Verbally abusive customers are a serious risk to the mental and physical health of call centre employees and it's time for employers to provide them with better protection, according to the United Steelworkers (USW).
The USW, which represents 10,000 call centre workers in Canada, has launched a national campaign with a dedicated website (www.HangUpOnAbuse.ca) and online petition calling on employers to introduce policies to allow call centre workers to hang up on abusive callers, which many employers currently prohibit. Following reports of the verbal abuse of workers at union and non-union call centres across the country, the USW plans to survey its call centre members to establish exactly how serious the problem has become.
"I've had angry and aggressive callers make racist comments to me. There are callers who tell us to perform sexual acts on them, callers who threaten violence," said Kaoutar Belaaziz, who works in a Montreal call centre. "We are subjected to abuse and harassment every day. You find that people realize they can treat you like this and get away with it. We need to be able to hang up on these calls.”
Michelle Dey, a Vancouver call centre employee, once had a caller ask what colour panties she was wearing. Another caller made it clear he was performing “lewd acts” in a hot tub while on the call.
"It's very difficult to just move on to the next call after you've experienced that kind of abuse and harassment. It affects you for the rest of the day. It follows you home," said Dey.
USW national director Ken Neumann said that abuse and harassment of call centre workers is a problem and it has to stop.
"While we can't persuade everyone to treat call centre workers respectfully, we can persuade companies to adopt policies that empower workers to end abusive calls."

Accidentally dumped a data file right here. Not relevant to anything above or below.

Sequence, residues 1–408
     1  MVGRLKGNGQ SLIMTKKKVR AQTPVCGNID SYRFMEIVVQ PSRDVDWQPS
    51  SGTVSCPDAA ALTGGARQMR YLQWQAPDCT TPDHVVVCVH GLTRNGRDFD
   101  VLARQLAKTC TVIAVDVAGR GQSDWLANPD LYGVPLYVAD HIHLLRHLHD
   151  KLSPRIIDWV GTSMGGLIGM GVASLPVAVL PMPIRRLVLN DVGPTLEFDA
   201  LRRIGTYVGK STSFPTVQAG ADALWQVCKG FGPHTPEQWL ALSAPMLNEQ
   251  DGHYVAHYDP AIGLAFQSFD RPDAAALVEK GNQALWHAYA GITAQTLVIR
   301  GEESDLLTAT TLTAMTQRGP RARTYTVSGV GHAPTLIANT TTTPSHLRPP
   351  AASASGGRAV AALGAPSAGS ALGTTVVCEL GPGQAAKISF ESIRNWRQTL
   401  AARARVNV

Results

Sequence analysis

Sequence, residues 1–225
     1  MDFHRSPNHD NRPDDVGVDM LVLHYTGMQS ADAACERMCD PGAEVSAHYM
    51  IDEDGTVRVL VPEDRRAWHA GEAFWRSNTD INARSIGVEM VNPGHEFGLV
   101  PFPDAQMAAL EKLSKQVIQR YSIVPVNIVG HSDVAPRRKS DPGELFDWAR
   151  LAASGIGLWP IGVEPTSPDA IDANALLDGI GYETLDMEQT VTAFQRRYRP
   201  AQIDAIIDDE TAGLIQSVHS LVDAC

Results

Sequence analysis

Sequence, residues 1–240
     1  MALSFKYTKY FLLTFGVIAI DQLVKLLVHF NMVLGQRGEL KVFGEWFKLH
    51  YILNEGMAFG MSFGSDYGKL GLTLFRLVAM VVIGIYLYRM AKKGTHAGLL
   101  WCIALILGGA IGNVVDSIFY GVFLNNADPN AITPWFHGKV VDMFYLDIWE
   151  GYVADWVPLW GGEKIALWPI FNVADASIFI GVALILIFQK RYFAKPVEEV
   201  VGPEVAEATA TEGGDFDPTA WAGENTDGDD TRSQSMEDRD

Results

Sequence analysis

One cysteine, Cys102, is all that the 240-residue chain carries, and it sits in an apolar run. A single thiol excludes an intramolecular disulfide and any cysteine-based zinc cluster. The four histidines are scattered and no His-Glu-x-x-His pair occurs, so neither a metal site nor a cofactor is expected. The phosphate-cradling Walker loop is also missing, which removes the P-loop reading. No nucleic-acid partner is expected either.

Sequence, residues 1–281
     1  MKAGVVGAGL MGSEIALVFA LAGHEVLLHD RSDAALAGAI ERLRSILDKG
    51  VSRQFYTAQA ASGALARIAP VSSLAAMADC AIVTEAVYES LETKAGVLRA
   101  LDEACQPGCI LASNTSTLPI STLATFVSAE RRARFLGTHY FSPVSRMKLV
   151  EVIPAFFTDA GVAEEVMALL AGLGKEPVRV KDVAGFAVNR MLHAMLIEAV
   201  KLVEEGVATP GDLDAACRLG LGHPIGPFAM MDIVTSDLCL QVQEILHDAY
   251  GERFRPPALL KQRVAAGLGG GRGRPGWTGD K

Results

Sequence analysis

An online video supporting the campaign highlights statements of the actual verbal abuse and harassment that some call centre workers have suffered, including racial and homophobic slurs and threats of violence.
"Some of this abuse is extremely serious. It's dehumanizing and causes stress to workers long after they have finished their shifts. This can lead to problems at home and to mental and physical pain," said Lee Riggs, president of the Telecommunications Workers Union, USW National Local 1944.
Riggs said harassment in the workplace is illegal and federal and provincial laws specify it is the employers' responsibility to create a safe working environment, which includes being free from verbal abuse by customers.
"While some companies say they have zero tolerance of abuse and policies in place to protect workers, we are not convinced that policies are empowering and protecting workers on the front line," said Riggs. "For example, we want all employers to allow call centre workers to hang up on abusive callers, which is currently prohibited in some workplaces."
Health and safety regulations are supposed to be a cornerstone of all workplaces across Canada and call centres should not be excluded, the USW said. The campaign is calling on employers to:
•Give call centre workers the right to hang up on abusive calls.
•Train managers on how to support workers who are verbally abused.
•Issue a warning and flag callers who have a history of harassing workers.
•Deny repeat abusers use of their service.
•Establish a zero tolerance of verbal abuse policy that includes reporting all violent and/or sexual threats to the police.
•Ensure no retribution against or disciplining of call centre workers who report abuse.
There are an estimated 175,000 call centre workers in Canada. Their daily duties include assisting customers with technical issues, billing, purchasing and problem solving.
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